Saakashvili Delivering as Odesa Governor

Fifty days after Mikheil Saakashvili’s appointment as Governor of the Odesa region and after much speculation that his appointment was risky, it is high time to acknowledge his successful first steps. Not only did the former Georgian President succeed in breaking the old rules, he also established unprecedented standards of transparent administrative management, demonstrated openness to the needs of local residents, and proposed innovative ideas for eliminating endemic corruption.

Saakashvili deserves even more credit when one considers the difficulty of the task: Odesa is one of the most corrupt regions in Ukraine. Controlled by local, Russian, and international mafia, Odesa and its port had served as a transit point for drug dealers, money launderers, and traders all intent on evading taxes. Saakashvili also has to work with Odesa Mayor Gennadiy Trukhanov—a local businessman with ties to criminal groups and a former Party of Regions Member of Parliament—and keep Ihor Kolomoyskyi, the country’s most powerful tycoon, in check.

For the last two decades, the central government didn’t deal with local corruption. No real investigations against the local mafiosi at the Odessa Regional Customs Office or the Odessa Border Control Directorate were launched. Despite evidence collected after the Orange Revolution, the Yushchenko government squandered its chance to prosecute guilty people. Ihor Kaletnik, who served as head of the Odesa Black Sea Regional Customs Office under former President Leonid Kuchma, re-emerged like a phoenix on the political horizon after Viktor Yanukovych was elected President in 2010. Promoted to the position of State Customs Service chief, Kaletnik loyally served the “Yanukovych family” until he too fled to Russia. Yet, some of his best friends are still in town, and they don’t have handcuffs on. . . .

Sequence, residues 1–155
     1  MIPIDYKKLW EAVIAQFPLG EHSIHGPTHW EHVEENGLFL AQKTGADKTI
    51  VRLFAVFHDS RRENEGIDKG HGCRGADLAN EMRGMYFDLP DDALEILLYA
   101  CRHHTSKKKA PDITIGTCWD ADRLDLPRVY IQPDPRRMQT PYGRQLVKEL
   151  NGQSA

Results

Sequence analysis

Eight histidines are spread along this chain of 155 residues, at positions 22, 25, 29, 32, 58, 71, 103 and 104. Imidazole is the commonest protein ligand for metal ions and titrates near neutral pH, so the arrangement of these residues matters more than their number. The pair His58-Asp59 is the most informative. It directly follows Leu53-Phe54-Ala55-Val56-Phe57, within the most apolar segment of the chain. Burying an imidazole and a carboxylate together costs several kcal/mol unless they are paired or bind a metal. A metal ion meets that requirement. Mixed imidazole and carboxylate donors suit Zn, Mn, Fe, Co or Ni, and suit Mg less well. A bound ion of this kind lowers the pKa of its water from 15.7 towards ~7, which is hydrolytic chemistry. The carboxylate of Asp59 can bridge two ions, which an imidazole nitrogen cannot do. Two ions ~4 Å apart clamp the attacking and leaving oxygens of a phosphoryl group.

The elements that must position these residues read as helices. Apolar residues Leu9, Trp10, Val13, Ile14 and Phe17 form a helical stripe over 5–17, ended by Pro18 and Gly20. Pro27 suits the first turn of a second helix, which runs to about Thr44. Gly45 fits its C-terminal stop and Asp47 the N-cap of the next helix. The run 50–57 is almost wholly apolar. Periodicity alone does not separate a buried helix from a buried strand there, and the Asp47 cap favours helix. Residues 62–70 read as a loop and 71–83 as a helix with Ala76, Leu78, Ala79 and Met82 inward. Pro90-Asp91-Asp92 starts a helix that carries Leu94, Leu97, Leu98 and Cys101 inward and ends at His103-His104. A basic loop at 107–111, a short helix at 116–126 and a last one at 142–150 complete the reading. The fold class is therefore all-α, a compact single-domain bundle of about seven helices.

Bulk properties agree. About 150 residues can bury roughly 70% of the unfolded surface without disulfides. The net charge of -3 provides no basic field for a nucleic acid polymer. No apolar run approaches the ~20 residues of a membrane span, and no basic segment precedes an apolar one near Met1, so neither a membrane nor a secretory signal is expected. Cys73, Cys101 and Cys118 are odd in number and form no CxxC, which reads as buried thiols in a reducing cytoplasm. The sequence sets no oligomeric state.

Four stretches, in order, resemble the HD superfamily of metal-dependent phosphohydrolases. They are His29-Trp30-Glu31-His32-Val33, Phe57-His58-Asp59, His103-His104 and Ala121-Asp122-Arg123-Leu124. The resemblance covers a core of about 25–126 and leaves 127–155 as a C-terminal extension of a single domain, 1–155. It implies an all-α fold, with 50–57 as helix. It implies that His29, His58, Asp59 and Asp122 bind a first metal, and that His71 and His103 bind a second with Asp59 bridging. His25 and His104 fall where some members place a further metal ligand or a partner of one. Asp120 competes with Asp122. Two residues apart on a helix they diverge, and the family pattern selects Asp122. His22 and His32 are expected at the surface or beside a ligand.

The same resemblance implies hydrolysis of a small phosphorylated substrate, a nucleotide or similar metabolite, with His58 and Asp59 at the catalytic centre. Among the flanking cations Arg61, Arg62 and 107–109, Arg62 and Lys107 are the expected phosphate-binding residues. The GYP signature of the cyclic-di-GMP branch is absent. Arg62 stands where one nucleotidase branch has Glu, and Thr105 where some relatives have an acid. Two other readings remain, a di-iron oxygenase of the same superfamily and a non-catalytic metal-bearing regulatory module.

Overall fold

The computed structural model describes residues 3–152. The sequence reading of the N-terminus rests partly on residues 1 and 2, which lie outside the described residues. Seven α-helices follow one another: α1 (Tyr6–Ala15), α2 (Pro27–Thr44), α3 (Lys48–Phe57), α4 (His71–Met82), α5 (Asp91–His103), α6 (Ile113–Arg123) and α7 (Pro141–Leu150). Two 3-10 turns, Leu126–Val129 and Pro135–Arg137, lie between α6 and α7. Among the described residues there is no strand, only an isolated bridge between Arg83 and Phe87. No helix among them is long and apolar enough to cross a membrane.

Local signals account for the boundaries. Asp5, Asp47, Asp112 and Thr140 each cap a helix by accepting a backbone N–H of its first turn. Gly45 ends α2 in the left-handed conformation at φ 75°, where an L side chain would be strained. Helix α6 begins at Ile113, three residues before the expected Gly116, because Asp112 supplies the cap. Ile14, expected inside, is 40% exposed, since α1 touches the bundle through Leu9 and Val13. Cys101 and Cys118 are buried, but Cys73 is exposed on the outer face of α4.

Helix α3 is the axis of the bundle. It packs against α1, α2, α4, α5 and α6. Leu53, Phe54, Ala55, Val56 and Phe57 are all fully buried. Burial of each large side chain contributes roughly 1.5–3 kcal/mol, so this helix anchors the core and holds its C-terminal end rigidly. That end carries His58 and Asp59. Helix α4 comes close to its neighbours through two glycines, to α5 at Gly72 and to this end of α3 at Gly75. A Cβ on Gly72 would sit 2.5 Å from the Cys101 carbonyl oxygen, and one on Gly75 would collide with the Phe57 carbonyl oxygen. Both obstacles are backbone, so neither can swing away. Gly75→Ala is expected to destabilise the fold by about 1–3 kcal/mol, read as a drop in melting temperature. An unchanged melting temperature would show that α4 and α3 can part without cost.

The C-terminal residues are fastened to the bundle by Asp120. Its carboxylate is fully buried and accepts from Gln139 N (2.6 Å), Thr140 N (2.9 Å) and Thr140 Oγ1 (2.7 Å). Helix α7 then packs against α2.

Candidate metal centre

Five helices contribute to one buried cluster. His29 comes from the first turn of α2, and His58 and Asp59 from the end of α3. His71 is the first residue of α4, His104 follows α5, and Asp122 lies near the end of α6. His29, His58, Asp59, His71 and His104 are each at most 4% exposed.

One of Saakashvili’s first decisions was to make Yulya Marushevska—the civic activist who rose to prominence after her Youtube video “I am a Ukrainian”—his deputy and head of the new Odesa Investment Agency. He also invited Maria Gaidar, the daughter of former Russian Prime Minister Yegor Gaidar, to serve as adviser for social reforms. Gaidar’s appointment is meant to demonstrate to Russian citizens that Ukraine is an open, democratic society and that it is eager to work with liberally minded neighbors.

Marushevska is boldly re-establishing law and order on Odesa’s beaches. Illegal land grabs and the nontransparent distribution of beach plots has been a long-standing problem. Marushevska opened investigations into the legality of land-sale decisions and pledged to remove numerous concrete walls that had been built to separate “private” beaches from the public eye. On July 20, Saakashvili announced that a beach previously controlled by an unnamed Kyiv oligarch has been made available to everyone.

Saakashvili plans to cut the 800-member staff of the Odesa Oblast State Administration by half. He also plans to replace all 26 heads of the local district administrations and announced an open call for candidates to apply. An independent commission comprised of international experts has interviewed 2,700 candidates for regional administrative posts and shortlisted thirty for final appointments.

His first, truly unprecedented move as Governor was to hold a strategic planning session on June 14 in partnership with the civic movement Nova Kraina (“The New Country”). More than 700 civic activists from across Ukraine came to Odesa to discuss regional reform. The tone of the session was respectful, which demonstrates the vibrancy of Ukraine’s civil society and Saakashvili’s eagerness to listen.

Days later, Saakashvili held a second meeting with civil society organizations, at the initiative of the International Renaissance Foundation (IRF, the local name of the Soros Foundation), an active promoter of reform in Ukraine. IRF and Saakashvili signed a partnership program to involve civil society in jointly monitoring local tenders, investigating corruption cases, and auditing local budgets.

Police reform is also on Saakashvili’s agenda. In partnership with Eka Zguladze, Ukraine’s Deputy Minister of Interior, Saakashvili has promised to launch a new police service in Odesa by the end of August 2015. Like Kyiv’s new police, young men and women with untainted reputations and uncompromising positions on corruption will staff the Odesa force.